The other case occurred in September of last year, when Michael Nguyen, a journalist with the Journal de Montréal journalist had his computer seized by the Quebec provincial police, after they believed he hacked their website to obtain information about a judge’s abusive behaviour. Nguyen and George Kalogerakis—the managing editor of Le Journal—are strongly condemning the actions taken by the Quebec police via multiple interviews with the media.

“I can tell you that our reporter did not break any laws to get his story,” said Kalogerakis in an interview with the Toronto Star. “We do not break laws at the Journal. We will contest the validity of the search warrant as far as we can.”

It is completely unacceptable, in my opinion, for the police to conduct themselves in this unethical, privacy-breaching manner—not because I am a journalism student, but because I am a human being with morals. The worst part is the police’s actions in the two abovementioned instances were completely legal because they obtained permits from the courts—and that worries me. How much privacy do we really have as Canadians?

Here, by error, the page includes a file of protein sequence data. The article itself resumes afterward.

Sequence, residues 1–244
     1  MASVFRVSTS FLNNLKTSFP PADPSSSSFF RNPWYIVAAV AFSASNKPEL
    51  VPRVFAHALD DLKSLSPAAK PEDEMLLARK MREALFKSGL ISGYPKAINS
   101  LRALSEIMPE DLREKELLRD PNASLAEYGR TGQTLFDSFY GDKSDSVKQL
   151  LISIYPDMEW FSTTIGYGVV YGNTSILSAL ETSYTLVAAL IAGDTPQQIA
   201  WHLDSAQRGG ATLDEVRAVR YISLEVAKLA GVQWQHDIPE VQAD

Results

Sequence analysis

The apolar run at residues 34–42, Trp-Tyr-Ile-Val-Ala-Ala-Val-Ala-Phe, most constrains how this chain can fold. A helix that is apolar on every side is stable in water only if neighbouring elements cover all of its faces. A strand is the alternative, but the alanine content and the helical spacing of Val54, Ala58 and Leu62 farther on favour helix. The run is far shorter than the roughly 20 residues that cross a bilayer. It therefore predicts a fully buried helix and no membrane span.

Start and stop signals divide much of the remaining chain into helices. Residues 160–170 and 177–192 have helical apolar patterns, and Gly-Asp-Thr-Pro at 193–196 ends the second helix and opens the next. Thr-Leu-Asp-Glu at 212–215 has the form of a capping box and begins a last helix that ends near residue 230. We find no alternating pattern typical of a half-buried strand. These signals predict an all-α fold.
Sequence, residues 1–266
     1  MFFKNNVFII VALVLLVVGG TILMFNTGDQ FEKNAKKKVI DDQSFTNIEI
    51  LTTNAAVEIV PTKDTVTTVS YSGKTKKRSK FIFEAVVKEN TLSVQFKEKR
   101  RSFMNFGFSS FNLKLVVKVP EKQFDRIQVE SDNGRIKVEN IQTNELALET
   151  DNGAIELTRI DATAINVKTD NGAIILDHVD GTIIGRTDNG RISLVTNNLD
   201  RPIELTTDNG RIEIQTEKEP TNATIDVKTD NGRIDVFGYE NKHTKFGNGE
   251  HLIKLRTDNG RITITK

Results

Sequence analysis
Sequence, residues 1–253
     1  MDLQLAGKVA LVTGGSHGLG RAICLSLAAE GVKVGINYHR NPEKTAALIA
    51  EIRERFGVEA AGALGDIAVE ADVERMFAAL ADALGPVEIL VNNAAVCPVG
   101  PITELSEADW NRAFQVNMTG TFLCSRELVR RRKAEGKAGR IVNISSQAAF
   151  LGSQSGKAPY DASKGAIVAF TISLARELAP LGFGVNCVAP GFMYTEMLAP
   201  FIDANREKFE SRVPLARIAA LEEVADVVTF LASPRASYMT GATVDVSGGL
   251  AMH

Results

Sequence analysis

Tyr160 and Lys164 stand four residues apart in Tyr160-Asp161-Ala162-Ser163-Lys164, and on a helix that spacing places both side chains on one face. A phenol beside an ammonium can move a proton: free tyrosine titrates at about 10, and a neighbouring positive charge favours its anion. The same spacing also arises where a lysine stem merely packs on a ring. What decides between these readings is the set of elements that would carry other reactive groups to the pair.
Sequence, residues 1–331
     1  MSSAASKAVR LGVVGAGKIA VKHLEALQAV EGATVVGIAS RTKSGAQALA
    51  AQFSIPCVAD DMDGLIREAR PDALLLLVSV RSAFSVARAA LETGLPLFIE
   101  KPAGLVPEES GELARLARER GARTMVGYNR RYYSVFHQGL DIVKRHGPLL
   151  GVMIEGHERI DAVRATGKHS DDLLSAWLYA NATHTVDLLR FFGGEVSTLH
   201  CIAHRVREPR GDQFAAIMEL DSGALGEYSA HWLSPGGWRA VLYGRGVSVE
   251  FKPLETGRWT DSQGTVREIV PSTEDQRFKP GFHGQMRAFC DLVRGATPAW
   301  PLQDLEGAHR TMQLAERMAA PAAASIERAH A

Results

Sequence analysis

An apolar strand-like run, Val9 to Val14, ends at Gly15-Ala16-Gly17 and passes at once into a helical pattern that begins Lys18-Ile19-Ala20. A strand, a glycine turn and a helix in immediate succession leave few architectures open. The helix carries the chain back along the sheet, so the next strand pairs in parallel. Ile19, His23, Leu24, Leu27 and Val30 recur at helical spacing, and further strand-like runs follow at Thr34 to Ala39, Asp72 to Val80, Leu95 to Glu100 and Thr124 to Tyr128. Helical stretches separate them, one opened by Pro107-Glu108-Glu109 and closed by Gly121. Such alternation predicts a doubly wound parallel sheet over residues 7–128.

While some may argue that journalists should realistically expect some interference from the police, these incidents of surveillance are deeply disturbing. Journalists are supposed to ask the difficult questions and investigate. How are we supposed to perform our duties when those in power are establishing a state of fear and intimidation?

In Edmonton, for example, the police recently admitted to using International Mobile Subscriber Identity (IMSI) catchers, also known as “stingrays,” according to CBC News. These devices allow the police to essentially eavesdrop on any cell phone call within range of the device.